According to Hawthorne, a romance, as a work of art, should present the truth of the human heart presented under circumstances of the author's own imagination and creation. He says that a novel, on the other hand, must present the possible, probable, and ordinary course of the life of man. In his text The House of Seven Gables, Hawthorne connects the past and bygone era with the present to offer a moral lesson of the most subtle type, one that is the same on the first page as on the last. See Hawthorne's "Preface" for more information about his definition of the romance.
In his text The Scarlet Letter, Hawthorne creates a story that depicts a society that punishes a woman for adultery by making her wear a scarlet A on her chest. She is ostracized from the community and refuses to name the father of her daughter, who is born out of wedlock. The text itself challenges some of the contradictions of Puritanical philosophy by portraying the inner lives of a number of characters in a small New England town. Hawthorne asks readers to consider why Hester Prynne is condemned as she is just acting on human instinct like all the others in her town. A darkness pervades the text that acts as a character in and of itself. Characters grapple with issues like innate depravity, sin, sexuality, guilt, and secrets in this text. Hawthorne challenges readers to see how free will and freedom to question societal conventions lead to more healthy relationships. This text also explores nature and illness as they affect the spiritual life of the body. For more information about Hawthorne's engagement with these topics, review The Scarlet Letter.
Sensationalist literature was meant to entertain and titillate its readers by depicting a clear moral demarcation between the exploitative upper classes and the working classes. Its engagement with sexual licentiousness and the criminal element also drew readers in by representing provocative characters and experiences that readers would not necessarily encounter in their own lives. Lippard and Thompson were two of the most well known writers of sensationalist novels. Thompson's works tend to foreground class divisions and the viciousness of the elite while offering less condemnatory representations of sexuality and criminality. See "Sensationalism" for more information on this topic.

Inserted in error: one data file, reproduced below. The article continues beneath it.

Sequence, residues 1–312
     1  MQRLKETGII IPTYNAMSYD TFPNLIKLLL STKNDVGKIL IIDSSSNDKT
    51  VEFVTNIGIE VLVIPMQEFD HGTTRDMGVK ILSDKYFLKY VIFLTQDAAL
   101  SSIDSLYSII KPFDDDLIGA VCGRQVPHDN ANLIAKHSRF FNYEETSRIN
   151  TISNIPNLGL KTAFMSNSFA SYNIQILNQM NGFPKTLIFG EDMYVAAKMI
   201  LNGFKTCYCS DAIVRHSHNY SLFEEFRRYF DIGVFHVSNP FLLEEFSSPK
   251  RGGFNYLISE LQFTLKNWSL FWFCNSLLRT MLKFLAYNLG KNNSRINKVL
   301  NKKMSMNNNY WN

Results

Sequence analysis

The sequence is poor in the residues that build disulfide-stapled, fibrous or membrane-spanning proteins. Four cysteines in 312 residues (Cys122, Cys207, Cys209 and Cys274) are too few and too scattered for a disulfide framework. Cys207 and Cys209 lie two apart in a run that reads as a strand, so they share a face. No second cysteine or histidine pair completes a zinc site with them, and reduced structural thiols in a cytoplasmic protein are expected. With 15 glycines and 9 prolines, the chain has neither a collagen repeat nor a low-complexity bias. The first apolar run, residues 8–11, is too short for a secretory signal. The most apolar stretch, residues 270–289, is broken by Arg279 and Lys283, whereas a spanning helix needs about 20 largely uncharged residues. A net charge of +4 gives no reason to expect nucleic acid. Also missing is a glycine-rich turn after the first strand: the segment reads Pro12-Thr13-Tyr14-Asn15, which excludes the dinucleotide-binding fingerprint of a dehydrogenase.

A woman writing in the 19th century, Fern offers a lot about the publishing industry at the time. She advocates for an end to trade courtesy, which in turn allows for opening bidding for creative works. This greatly benefits authors. In her autobiographical text, Ruth Hall, Fern tells the story of a young woman who ends up married and in love but loses both her husband and child suddenly. She must go out into the workforce to sustain herself financially. After much struggle, she becomes a writer and finds great success. She makes her own family then, without a male influence, and finds great satisfaction in life. Fern does use sentimental tropes here, but she also undermines them by showing Ruth Hall to be a competent woman who succeeds outside of the domestic sphere without a romantic relationship. See Ruth Hall for further explanation.
This vocabulary list includes terms that might help you with the review items above and some terms you should be familiar with to be successful in completing the final exam for the course.
Try to think of the reason why each term is included.